With the media circus engulfing Mark Zuckerberg again this week, the nature, and ethics, of Facebook’s targeted advertising is coming under fire. After all, it was Facebook’s targeted advertising that may have swayed multiple elections and democratic votes around the globe, including Trump and Brexit. But this targeted advertising was based on stolen data, that users gave away unknowingly, to access a personality test.
On the other hand, targeted advertising is used by millions of large, small and medium sized businesses across the globe, and to great effect. So what is it, and does targeted advertising infringe on our privacy? Well, here at Pumpkin Web Design, Preston’s leading web marketing and web design professionals, we know a fair bit about social media, and targeted advertising. In fact, we use it regularly. As a result, we have produced this guide to answer the questions: “How does Facebook’s targeted advertising work? And does it place your privacy at risk?”.
What is targeted advertising?
First of all, what exactly is targeted advertising? Well, targeted advertising is designed to help businesses display adverts that will be relevant to particular groups of people. As identified by demographics, such as age categories and location. And this makes perfect business sense. I mean, if you are welder, you’re not going to place an advert in Cosmopolitan, as that would most likely be a waste of your advertising budget. Instead, you would pay to advertise in more relevant publications. Facebook’s targeted advertising works on the same principle. And it has the added advantage for us as the users, as we are shown adverts that are actually useful to us.
So is this simply Facebook selling your data to companies and publishers?
The answer is categorically NO. Facebook doesn’t sell data. That is a common misconception perpetuated by lazy journalism. In fact, as was clearly discussed in last nights senate hearing, Facebook does not sell user data. TechCrunch transcribed Zuckerburg’s response perfectly:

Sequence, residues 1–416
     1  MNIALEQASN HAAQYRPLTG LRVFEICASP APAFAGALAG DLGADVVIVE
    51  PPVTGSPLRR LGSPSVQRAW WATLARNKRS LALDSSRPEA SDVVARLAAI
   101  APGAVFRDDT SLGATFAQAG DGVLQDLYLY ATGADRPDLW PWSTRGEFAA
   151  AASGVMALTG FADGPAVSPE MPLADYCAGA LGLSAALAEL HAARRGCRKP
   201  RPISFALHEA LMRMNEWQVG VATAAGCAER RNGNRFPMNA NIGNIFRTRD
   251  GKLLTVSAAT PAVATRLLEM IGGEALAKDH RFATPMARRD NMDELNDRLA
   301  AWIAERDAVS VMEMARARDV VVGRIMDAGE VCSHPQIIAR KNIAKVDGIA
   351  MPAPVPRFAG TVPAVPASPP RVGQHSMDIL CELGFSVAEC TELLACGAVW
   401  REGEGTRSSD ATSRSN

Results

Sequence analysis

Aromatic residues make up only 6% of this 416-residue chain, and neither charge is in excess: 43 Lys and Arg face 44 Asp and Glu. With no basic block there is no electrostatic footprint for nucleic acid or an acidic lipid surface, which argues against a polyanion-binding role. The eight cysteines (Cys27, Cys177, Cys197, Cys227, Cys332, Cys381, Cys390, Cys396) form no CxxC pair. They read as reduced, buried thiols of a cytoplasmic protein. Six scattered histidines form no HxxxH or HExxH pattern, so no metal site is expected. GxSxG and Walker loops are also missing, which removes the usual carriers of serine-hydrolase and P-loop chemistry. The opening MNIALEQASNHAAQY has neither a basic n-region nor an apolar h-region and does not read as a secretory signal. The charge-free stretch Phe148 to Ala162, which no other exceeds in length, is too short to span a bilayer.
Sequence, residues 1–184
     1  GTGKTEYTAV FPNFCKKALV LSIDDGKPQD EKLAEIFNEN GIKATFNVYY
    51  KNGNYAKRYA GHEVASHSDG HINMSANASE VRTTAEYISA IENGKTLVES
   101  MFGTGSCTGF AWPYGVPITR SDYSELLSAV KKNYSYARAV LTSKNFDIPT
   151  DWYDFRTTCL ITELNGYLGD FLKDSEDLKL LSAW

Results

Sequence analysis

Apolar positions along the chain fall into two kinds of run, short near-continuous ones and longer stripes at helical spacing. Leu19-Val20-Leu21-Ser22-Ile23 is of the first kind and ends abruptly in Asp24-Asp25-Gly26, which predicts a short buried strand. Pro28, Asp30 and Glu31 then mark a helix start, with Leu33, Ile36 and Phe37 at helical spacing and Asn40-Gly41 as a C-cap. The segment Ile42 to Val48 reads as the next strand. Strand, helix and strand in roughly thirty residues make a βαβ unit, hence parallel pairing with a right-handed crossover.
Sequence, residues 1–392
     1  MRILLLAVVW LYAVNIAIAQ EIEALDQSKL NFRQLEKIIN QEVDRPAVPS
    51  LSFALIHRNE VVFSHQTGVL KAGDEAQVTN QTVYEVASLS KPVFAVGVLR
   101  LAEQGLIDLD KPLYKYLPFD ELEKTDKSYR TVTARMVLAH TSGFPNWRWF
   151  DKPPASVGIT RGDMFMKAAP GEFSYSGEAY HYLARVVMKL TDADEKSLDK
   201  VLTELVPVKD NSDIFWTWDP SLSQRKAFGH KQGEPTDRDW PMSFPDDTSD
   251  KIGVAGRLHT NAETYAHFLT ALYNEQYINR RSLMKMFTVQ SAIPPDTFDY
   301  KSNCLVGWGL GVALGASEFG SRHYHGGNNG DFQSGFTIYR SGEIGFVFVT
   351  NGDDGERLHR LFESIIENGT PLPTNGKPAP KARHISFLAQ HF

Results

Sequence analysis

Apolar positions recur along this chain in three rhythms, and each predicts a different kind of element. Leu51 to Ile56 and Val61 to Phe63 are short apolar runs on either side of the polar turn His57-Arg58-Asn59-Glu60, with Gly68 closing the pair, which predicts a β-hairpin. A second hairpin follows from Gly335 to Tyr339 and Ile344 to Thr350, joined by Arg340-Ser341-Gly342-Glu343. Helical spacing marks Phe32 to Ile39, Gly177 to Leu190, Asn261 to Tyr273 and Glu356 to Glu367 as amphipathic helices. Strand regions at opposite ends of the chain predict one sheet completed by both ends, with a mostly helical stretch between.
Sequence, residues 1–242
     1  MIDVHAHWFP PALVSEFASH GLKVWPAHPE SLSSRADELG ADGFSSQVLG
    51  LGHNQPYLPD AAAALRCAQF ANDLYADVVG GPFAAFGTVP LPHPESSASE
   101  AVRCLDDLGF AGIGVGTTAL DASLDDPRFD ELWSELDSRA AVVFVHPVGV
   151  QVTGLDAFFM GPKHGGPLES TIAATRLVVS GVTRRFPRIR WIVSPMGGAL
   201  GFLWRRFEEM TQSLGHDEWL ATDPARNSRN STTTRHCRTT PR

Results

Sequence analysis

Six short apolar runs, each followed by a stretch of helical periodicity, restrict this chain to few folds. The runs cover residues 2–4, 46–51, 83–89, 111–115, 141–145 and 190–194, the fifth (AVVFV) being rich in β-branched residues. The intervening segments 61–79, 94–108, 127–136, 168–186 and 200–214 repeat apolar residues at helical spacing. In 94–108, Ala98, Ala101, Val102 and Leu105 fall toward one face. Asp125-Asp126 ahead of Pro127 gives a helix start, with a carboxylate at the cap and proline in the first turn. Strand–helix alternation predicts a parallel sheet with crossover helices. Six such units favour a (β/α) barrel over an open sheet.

There is a very common misconception that we sell data to advertisers, and we do not sell data to advertisers. What we allow is for advertisers to tell us who they want to reach and then we do the placement. So, if an advertiser comes to us and says, ‘Alright, I’m a ski shop and I want to sell skis to women,’ then we might have some sense because people shared skiing related content or said they were interested in that. They shared whether they’re a woman. And then we can show the ads to the right people without that data ever changing hands and going to the advertiser. That’s a very fundamental part of how our model works and something that is often misunderstood.
Selling data is for data scrapers on the dark web. And is definitely something you should be concerned about. But Facebook isn’t selling it. This probably isn’t for any noble issue like privacy or user protection, it is simply good business sense.
Companies want our data. And they always will. But Facebook has it. If they were to sell it to the highest bidder, they’d only get paid once. If they keep hold of it they can profit from it millions of times over. By selling advertising space that will reach a target audience.
How does Facebook targeted advertising work, if the companies and advertisers don’t have our personal data?
So if our personal data is safe, how does Facebook targeted advertising work. Well, let’s take a look at exactly how it works, from a marketers perspective.
#1: First of all, we create a post that we think is worthy of attention- so we decide to “boost” it. Facebook’s friendly term for launching a targeted advert.
#2: We can then target our audience. Using pre-defined, large demographics like age, gender, and interests. The interests have been identified by Facebook by your page likes, and groups you have joined. As you can see, on the marketing side, this is in no way personal. But we at least know people who might be interested in our work will see it.
#3. We can then set a duration, for how long we want the advert to run for. Longer campaigns cost more. But this is how Facebook profits from using your user data. And then we pay (but we wont show that step for obvious reasons).
Once the campaign has been launched, we as marketers have no idea who is seeing our advert, and who isn’t. We have no access to a list of viewers etc. We only know how many people have viewed the advert, not who they are. Unless of course they like our post or comment on it. But that is entirely user choice.
Facebook targeted advertising and small businesses
Now that you can see how Facebook’s targeted advertising works, it’s pretty clear how effective this can be for small and medium sized businesses. For example:
- businesses pay for the number of days they advertise- so if its not working, you can pull it early
- businesses can target an audience that is more likely to be receptive of your product or service
- advertising cost is small, so it is an affordable way to reach thousands of people
For more information, or for professional web marketing support, get in touch with the experts today, here at Pumpkin Web Design.